Act IV scene i
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"O, the world hath not a sweeter creature," Othello declares of Desdemona; yet, against his reason and better nature, he decides that she shall not live for what she has supposedly done. There is great irony in this scene, as Othello declares that Desdemona is of a soft and kind nature, yet condemns her for being lustful and immoral. Note Othello's reticent tone, even when he is condemning Desdemona to death; although chaos and jealousy have triumphed over reason, still there is a part of him that knows Desdemona is good, and does not want to condemn her.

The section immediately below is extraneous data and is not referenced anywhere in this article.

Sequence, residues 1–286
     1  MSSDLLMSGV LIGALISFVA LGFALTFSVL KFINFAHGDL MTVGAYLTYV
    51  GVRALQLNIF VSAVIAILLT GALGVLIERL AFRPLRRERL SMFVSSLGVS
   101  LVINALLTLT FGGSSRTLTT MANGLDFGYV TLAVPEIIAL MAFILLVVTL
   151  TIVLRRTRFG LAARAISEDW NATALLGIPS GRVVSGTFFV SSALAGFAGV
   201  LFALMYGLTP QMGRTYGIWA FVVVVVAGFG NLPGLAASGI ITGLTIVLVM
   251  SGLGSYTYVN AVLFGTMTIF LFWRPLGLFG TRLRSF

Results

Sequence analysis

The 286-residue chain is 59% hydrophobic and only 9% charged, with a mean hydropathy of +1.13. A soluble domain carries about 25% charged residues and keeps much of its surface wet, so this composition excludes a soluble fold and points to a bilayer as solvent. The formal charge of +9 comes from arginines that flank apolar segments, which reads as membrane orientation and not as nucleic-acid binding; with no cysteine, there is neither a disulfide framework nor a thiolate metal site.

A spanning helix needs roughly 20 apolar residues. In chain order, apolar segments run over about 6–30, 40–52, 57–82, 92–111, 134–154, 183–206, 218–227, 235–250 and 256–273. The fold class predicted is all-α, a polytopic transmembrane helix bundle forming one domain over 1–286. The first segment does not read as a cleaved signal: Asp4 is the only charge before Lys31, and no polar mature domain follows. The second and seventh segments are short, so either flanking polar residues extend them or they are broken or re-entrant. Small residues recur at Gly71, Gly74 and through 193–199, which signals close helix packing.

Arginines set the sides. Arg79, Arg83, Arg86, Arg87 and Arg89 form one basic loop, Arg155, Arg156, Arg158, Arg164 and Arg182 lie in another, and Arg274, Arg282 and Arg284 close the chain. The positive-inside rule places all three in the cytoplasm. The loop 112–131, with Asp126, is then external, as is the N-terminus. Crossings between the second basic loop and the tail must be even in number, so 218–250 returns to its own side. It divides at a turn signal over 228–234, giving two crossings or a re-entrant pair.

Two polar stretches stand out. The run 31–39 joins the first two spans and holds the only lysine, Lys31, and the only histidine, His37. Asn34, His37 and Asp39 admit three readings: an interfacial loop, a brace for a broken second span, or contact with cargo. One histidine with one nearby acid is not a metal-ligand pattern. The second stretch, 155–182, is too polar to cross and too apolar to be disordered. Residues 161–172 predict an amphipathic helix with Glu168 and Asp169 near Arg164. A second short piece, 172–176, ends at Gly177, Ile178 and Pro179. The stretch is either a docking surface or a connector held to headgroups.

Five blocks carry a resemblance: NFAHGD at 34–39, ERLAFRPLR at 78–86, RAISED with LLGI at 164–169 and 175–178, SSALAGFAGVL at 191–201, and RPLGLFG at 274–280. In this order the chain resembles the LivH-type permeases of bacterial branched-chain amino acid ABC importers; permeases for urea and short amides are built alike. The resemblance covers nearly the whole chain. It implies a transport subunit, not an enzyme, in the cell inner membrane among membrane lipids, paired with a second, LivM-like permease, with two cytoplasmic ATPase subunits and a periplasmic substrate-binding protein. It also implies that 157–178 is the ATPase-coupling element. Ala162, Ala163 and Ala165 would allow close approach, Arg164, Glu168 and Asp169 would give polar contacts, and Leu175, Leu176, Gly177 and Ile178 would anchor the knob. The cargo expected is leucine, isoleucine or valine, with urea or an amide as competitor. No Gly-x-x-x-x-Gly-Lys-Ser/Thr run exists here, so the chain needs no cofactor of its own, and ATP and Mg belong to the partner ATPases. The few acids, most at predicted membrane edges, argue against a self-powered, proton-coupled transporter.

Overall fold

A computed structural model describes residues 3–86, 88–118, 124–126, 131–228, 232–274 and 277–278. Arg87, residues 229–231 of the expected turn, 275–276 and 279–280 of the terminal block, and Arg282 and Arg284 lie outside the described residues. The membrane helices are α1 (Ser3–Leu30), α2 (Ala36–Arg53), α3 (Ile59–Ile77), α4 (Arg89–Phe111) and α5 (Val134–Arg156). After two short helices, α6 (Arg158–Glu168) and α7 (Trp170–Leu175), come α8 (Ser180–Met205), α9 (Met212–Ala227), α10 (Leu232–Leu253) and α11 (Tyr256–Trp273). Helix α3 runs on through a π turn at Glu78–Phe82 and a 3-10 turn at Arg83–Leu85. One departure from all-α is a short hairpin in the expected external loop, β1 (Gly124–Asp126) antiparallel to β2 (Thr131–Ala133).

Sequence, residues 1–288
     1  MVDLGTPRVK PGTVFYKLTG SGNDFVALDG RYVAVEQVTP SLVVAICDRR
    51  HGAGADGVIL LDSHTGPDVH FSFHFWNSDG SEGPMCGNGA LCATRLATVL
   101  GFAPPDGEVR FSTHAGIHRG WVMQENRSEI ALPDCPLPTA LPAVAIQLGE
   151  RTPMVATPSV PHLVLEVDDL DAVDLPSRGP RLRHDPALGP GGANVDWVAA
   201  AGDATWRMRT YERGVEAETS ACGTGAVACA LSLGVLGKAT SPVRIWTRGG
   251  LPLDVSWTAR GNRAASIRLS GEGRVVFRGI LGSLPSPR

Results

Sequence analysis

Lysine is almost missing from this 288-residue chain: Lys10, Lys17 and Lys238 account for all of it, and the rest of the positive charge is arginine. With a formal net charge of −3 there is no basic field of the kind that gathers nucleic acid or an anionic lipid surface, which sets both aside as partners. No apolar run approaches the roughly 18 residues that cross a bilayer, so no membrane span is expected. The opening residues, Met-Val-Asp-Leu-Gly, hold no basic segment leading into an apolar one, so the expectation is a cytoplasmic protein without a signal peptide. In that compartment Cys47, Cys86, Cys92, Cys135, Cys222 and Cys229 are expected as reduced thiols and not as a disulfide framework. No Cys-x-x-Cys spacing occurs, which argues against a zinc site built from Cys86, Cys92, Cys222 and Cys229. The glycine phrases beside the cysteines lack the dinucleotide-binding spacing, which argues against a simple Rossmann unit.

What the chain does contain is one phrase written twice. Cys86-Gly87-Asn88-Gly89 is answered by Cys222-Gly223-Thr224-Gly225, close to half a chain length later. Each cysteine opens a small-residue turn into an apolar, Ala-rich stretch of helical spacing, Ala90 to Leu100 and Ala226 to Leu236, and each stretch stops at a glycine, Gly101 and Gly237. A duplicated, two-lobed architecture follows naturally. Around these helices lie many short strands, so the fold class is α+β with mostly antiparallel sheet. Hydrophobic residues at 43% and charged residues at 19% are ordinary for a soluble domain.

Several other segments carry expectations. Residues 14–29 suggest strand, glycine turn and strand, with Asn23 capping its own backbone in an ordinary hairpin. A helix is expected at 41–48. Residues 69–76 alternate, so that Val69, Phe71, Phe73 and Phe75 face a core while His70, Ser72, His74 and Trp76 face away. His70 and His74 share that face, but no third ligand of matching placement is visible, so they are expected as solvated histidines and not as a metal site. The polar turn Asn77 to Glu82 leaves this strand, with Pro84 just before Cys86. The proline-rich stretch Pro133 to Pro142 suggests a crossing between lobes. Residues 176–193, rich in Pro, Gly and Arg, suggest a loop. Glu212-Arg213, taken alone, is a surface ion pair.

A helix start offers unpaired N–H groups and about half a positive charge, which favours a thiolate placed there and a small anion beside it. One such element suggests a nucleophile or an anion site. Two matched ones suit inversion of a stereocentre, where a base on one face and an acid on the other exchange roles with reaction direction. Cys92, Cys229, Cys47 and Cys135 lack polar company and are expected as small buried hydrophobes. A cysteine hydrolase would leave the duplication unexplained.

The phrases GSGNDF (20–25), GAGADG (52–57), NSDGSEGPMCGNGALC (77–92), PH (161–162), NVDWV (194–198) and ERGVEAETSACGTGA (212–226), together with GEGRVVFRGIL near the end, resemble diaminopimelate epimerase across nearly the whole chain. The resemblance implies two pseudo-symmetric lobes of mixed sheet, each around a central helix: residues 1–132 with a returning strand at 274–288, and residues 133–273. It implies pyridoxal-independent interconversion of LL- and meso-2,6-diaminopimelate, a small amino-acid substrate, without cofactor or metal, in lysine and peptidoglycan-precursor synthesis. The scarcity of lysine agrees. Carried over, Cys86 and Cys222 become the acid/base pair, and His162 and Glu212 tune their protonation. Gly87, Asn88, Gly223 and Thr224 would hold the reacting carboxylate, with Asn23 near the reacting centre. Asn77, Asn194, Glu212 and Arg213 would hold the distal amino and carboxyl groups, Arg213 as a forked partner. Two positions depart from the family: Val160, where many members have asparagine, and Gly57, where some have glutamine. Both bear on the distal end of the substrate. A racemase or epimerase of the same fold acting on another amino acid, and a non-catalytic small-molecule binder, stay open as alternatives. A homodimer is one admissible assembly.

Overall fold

When Othello strikes Desdemona, he shows the severity of his change. Just her mention of Cassio sends him into an unreasonable rage; every little thing he regards with suspicion, even if he has no cause. Although one of his greatest fears regarding Desdemona's alleged infidelity was that it would blacken his name and reputation, the irony is that Othello is doing that himself; in striking Othello and being unreasonably cruel, he besmirches his own good name. Savagery is taking over his civility, as he continues to become the cruel, jealous, passion-spurred "savage" that Brabantio accused him of being. He is beginning to become a stereotype by his own doing, as he falls farther and farther from himself.